14.126 | Spring 2016 | Graduate
Game Theory
Course Description
This course provides a rigorous treatment of non-cooperative solution concepts in game theory, including rationalizability and Nash, sequential, and stable equilibria. It covers topics such as epistemic foundations, higher order beliefs, bargaining, repeated games, reputation, supermodular games, and global games. It …
This course provides a rigorous treatment of non-cooperative solution concepts in game theory, including rationalizability and Nash, sequential, and stable equilibria. It covers topics such as epistemic foundations, higher order beliefs, bargaining, repeated games, reputation, supermodular games, and global games. It also introduces cooperative solution concepts—Nash bargaining solution, core, Shapley value—and develops corresponding non-cooperative foundations.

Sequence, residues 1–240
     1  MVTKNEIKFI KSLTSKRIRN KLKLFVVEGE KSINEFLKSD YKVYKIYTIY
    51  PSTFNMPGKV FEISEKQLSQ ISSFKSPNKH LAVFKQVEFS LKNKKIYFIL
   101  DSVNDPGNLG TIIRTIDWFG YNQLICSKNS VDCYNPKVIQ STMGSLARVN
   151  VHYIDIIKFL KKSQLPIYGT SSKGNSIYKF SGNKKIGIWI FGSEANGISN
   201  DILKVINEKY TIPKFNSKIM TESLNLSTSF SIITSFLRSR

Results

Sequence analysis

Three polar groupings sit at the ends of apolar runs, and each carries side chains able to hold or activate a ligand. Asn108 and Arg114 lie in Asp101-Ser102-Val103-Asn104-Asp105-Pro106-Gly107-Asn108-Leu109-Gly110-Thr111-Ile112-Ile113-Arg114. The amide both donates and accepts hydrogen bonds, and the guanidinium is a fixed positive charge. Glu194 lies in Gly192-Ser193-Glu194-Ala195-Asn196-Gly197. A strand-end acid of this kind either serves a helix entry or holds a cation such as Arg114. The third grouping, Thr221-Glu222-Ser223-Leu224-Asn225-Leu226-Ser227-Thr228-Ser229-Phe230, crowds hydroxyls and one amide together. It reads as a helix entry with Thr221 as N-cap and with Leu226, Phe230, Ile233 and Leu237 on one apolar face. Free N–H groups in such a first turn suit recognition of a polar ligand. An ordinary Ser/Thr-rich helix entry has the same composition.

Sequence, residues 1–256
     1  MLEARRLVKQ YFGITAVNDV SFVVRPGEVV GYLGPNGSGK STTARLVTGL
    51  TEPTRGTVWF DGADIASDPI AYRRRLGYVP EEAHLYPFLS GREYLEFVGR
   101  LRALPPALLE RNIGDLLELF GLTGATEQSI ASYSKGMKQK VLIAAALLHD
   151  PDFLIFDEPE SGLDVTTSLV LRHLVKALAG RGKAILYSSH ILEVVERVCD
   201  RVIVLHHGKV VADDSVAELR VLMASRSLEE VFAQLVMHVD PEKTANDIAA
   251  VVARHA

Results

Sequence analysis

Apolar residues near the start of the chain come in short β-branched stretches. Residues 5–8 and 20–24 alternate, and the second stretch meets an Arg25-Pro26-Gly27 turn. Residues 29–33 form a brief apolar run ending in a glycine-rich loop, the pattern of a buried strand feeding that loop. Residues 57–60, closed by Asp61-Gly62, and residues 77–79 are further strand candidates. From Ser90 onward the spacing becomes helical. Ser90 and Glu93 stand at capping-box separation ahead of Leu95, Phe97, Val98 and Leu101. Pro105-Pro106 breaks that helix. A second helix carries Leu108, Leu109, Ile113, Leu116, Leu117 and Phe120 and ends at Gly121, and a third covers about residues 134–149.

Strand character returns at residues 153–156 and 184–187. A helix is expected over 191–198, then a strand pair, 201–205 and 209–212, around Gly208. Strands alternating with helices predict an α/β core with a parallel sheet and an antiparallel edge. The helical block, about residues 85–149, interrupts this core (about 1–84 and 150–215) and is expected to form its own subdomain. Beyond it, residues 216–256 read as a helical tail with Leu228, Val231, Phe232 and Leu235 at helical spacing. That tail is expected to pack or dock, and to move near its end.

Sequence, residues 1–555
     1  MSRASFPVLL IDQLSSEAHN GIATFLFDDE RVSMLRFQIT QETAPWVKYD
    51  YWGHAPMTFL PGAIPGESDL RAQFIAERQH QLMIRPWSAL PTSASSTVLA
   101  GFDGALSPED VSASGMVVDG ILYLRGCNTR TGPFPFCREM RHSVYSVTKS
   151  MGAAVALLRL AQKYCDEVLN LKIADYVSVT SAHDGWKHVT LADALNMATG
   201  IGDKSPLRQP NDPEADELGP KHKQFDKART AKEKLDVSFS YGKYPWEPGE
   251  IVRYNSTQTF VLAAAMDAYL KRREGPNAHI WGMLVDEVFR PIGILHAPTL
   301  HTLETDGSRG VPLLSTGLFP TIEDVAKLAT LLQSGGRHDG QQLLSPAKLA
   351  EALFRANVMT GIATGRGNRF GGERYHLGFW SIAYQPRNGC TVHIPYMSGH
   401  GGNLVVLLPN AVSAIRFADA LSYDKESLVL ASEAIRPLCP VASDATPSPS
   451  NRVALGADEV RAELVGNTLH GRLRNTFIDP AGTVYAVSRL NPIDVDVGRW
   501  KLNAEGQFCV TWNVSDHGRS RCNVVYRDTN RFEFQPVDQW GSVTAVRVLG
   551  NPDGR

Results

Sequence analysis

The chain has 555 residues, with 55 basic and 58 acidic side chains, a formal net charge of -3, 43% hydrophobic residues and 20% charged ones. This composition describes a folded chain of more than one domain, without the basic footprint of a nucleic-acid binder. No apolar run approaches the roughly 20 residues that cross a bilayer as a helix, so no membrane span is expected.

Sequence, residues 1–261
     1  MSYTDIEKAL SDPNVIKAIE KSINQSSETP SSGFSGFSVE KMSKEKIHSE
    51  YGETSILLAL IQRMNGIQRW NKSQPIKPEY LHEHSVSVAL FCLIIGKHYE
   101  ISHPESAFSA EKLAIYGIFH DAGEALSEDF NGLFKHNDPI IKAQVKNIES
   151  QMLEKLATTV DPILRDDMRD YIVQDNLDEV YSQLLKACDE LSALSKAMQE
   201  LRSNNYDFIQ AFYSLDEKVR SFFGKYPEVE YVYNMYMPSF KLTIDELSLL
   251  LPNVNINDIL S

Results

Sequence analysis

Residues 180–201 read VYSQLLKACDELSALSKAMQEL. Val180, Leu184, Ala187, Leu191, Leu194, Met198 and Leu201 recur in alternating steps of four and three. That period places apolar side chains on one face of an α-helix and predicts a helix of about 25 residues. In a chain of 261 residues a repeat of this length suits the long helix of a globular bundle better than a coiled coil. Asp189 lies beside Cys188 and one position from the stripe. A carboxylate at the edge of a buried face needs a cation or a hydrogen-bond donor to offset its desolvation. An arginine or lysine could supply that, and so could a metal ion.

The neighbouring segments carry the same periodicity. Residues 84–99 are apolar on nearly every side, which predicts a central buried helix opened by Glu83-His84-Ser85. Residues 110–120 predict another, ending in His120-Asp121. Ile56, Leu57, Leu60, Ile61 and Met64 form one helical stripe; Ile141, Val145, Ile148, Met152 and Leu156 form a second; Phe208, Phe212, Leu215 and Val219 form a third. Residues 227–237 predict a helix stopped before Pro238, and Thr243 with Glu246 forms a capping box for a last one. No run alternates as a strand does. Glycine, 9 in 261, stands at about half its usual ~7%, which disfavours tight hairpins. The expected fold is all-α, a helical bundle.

Course Info
Learning Resource Types
assignment Problem Sets
notes Lecture Notes
A cartoon of two people facing each other with a chessboard in between them. Above them, float images of partitioned brains.
A cartoon of two people sitting across from each other playing chess. Chess is an example of a perfect information game, which is a topic discussed in this course. (Image by MIT OpenCourseWare.)